Compile new version of library for each dependency - feature flags additive behaviour

I am currently trying to write a binary crate as a wrapper for a library, which sets constants based on feature flags that feature flag set of the package taking it as a dependency.

My initial thought was to create three intermediary packages for each of the feature flags, and then call those, however, I now understand that these features are additive, and so it will simply set the constant to be whichever cfg! statement evaluates first.

My question is therefore, is there a way to compile this shared dependency three times for each of the intermediary packages, therefore only setting one of the features at a time? Or, is there another way to get around this?

There is no way to duplicate a dependency without making a copy of the source code and declaring it to be a different package.

It sounds like the library is misusing features for a configuration that would be better suited for a function parameter (or const generic, if it really needs to be constant). I say this not just because it is not working for you, but because it is failing to have additive features. "Additive" isn't referring to how Cargo combines feature sets, but to the idea that activating a feature should never remove functionality that was present without it (in this case, operating with a different value for the constant than that feature requests).

The best path forward would be to patch the library to use const generics or regular function parameters.


Thanks for your response, that does make a lot of sense, and reinforces what I was lead to believe from my own reading around.

I'm trying to wrap my head around how it should be done in a rust way, but struggling to understand how it would work. To give a bit more detail, the features are used to determine a security level, which then influences other constants - moving these to parameters or const generics would mean that (nearly) every function would need an extra 10-11 parameters.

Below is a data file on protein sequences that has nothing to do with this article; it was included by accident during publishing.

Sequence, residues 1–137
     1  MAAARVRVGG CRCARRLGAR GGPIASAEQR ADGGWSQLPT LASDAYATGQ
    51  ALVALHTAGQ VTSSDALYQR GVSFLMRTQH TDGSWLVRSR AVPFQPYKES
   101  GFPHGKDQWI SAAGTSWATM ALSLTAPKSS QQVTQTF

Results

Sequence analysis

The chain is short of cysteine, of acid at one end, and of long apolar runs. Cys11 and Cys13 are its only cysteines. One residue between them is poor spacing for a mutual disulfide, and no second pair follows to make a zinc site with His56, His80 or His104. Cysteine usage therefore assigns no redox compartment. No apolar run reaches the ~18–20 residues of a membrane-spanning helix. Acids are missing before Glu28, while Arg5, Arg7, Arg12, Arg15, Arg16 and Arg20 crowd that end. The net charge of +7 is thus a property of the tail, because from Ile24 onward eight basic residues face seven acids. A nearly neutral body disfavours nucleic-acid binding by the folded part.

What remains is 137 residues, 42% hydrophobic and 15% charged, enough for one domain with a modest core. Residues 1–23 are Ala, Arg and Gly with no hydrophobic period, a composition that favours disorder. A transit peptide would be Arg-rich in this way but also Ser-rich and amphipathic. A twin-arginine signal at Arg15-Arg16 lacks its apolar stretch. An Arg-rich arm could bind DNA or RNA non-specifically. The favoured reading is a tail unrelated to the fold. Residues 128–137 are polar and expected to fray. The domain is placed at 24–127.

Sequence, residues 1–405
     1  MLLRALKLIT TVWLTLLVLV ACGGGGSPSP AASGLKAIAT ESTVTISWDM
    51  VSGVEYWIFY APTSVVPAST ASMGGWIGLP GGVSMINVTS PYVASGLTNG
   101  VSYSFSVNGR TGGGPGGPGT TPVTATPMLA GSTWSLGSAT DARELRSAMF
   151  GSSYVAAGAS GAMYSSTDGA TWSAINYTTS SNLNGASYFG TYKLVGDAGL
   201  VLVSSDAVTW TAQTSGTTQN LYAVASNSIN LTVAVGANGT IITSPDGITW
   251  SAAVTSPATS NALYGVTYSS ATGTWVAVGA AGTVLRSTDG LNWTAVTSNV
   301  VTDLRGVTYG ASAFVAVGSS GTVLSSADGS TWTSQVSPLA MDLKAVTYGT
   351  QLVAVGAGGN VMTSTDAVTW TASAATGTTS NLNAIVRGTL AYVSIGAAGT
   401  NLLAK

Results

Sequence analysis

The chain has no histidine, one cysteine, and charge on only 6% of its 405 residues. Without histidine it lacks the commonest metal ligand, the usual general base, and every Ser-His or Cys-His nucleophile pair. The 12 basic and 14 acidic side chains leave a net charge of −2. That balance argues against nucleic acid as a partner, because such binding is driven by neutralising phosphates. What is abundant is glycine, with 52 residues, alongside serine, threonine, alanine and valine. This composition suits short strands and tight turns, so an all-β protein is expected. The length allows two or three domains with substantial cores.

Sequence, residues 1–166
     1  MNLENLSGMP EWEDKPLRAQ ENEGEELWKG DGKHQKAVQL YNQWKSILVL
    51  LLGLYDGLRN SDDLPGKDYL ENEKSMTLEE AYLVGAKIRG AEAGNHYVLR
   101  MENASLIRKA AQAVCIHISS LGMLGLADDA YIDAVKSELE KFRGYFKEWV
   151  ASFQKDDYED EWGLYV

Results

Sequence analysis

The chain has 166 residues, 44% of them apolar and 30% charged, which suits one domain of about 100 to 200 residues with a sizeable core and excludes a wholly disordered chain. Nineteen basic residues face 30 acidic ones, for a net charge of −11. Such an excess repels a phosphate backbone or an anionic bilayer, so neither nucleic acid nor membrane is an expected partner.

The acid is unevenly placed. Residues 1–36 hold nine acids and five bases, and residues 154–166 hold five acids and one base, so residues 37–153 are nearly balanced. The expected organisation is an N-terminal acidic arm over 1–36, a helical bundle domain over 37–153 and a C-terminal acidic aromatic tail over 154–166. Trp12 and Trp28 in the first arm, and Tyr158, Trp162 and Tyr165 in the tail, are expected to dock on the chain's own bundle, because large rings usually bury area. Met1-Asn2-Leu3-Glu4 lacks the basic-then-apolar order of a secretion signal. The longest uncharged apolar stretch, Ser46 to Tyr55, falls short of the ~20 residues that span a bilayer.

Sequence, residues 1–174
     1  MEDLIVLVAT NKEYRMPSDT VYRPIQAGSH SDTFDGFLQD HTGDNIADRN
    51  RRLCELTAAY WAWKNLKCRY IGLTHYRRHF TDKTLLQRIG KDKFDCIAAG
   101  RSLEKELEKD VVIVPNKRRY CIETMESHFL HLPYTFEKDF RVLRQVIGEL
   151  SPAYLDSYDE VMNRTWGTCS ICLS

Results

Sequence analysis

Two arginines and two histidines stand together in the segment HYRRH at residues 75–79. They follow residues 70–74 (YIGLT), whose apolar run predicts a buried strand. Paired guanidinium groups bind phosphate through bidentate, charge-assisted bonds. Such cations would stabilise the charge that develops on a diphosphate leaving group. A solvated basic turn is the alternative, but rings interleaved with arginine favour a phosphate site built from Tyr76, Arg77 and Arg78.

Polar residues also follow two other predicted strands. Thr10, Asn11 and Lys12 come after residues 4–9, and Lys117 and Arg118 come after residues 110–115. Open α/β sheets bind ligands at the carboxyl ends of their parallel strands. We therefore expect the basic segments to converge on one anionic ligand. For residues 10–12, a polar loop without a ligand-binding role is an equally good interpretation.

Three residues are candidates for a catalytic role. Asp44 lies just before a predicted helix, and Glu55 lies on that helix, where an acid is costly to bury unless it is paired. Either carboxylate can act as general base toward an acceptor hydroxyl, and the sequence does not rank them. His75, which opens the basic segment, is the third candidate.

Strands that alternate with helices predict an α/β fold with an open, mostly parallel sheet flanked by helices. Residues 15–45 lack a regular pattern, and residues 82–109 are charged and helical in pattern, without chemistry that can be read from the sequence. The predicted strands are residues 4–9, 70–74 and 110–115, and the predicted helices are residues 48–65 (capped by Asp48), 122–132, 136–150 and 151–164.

I have thought about perhaps using structs, but I don't believe that structs support constant values (due to the nature of the values I believe it best to keep them as constants), but can't think of any alternatives.

They do.


If one "security level" sets all the other parameters, those can be expressed as const fns that take the security level as an argument and compute the derived information. So, only the security level need be passed around, whether as a const generic or a regular function argument.

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Here's a way to pass multiple const parameters via a single generic:

trait Config {
    const PRINT_AT_ENTRY: bool;
    const NUM_LOOPS: usize;

fn do_something<Cfg: Config>() {
    if Cfg::PRINT_AT_ENTRY {
    for _ in 0..Cfg::NUM_LOOPS {

struct MyConfig;

impl Config for MyConfig {
    const PRINT_AT_ENTRY: bool = true;
    const NUM_LOOPS: usize = 2;

fn main() {
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There is also the question of whether this needs to be a constant and defined at compile time at all.

Maybe you could achieve the same thing using a static variable, some sort of set_security_level() function, and getters?

A direct way to answer the task in the OP is "compile the binary 3 times, once with each configuration."

From the followups, though, it sounds like you want all 3 in the same binary, so the const generics is the way to go.

Thanks for the answers everyone! Still fairly new to rust, so enjoying these new ways of thinking about everything. In the end, I have made changes so that it'll be:

  • constants for true constants
  • struct containing security level variables
  • struct methods to get other parameters that depend on security level variables

So far, I believe that this is the most elegant, readable and consistant approach, but of course, if there is anything glaringly obviously wrong with how I have done this then please let me know :smiley:

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